The Software Process
A process framework establishes the foundation for a complete software engineering
process by identifying a small number of framework activities that are applicable
to all software projects, regardless of their size or complexity.
In addition, the process framework encompasses a set of umbrella activities that are applicable
across the entire software process. A generic process framework for software engineering
encompasses five activities:
Communication. Before any technical work can commence, it is critically important to
communicate and collaborate with the customer (and other stakeholders The intent is to
understand stakeholders’ objectives for the project and to gather requirements that help define
software features and functions.
Planning. Any complicated journey can be simplified if a map exists. A software project is a
complicated journey, and the planning activity creates a “map” that helps guide the team as it
makes the journey. The map—called a software project plan—defines the software engineering
work by describing the technical tasks to be conducted, the risks that are likely, the resources
that will be required, the work products to be produced, and a work schedule.
Modeling. Whether you’re a landscaper, a bridge builder, an aeronautical engineer, a carpenter,
or an architect, you work with models every day. You create a “sketch” of the thing so that you’ll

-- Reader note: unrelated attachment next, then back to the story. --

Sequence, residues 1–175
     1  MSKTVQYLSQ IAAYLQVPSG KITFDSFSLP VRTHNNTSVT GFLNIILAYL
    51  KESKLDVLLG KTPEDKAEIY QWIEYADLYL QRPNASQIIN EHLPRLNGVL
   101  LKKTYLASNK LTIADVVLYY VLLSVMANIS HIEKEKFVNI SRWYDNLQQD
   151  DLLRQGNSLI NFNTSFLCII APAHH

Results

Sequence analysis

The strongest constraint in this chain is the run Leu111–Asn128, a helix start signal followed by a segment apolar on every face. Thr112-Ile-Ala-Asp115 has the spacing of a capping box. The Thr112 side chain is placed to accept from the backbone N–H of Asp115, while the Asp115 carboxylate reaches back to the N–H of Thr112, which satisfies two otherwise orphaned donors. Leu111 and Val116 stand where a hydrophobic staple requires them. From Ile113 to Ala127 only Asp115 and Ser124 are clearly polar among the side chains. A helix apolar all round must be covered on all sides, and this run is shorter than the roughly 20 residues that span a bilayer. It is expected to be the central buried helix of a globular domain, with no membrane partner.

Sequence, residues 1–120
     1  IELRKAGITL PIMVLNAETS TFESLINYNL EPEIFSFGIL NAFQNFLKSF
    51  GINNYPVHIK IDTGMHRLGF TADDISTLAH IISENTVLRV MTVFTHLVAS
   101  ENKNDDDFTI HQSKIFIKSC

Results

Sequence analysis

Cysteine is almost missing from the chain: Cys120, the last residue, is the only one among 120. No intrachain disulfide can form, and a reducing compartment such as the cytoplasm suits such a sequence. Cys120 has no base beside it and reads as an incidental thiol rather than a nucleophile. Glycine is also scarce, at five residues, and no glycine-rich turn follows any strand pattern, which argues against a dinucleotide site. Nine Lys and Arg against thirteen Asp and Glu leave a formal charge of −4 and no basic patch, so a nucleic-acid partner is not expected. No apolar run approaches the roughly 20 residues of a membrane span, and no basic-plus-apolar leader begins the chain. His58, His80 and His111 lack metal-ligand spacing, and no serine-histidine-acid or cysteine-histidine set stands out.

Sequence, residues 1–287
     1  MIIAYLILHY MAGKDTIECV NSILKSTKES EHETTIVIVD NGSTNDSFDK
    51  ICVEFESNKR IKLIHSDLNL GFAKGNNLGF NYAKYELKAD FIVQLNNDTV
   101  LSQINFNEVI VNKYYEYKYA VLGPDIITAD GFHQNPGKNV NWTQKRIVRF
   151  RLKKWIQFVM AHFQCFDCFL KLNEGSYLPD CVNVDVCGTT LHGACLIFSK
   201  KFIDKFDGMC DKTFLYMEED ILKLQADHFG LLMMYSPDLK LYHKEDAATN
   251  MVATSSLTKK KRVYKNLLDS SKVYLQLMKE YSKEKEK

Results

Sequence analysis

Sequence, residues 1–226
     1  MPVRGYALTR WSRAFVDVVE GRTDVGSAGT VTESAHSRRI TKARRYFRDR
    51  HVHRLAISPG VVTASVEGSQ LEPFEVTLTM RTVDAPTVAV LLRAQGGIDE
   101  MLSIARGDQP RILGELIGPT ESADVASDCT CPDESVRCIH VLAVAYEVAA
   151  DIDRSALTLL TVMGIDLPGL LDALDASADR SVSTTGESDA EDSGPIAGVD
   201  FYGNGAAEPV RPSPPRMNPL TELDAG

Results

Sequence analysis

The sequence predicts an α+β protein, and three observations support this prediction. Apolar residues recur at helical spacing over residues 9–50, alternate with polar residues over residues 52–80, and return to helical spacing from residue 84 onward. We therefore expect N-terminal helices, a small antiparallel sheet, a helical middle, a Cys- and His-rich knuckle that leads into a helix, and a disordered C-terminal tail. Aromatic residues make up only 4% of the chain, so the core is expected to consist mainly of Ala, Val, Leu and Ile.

understand the big picture—what it will look like architecturally, how the constituent parts fit
together, and many other characteristics. If required, you refine the sketch into greater and
greater detail in an effort to better understand the problem and how you’re going to solve it. A
software engineer does the same thing by creating models to better understand software
requirements and the design that will achieve those requirements.
Construction. This activity combines code generation (either manual or automated) and the
testing that is required to uncover errors in the code.
Deployment. The software (as a complete entity or as a partially completed increment) is
delivered to the customer who evaluates the delivered product and provides feedback based on
For many software projects, framework activities are applied iteratively as a
project progresses. That is, communication, planning, modeling, construction,
and deployment are applied repeatedly through a number of project iterations.
Each project iteration produces a software increment that provides stakeholders with
a subset of overall software features and functionality. As each increment is produced,
the software becomes more and more complete.
Software engineering process framework activities are complemented by a number
of umbrella activities.
In general, umbrella activities are applied throughout a software project and help a software team
manage and control progress, quality, change, and risk. Typical umbrella activities include:
Software project tracking and control—allows the software team to assess progress against
the project plan and take any necessary action to maintain the schedule.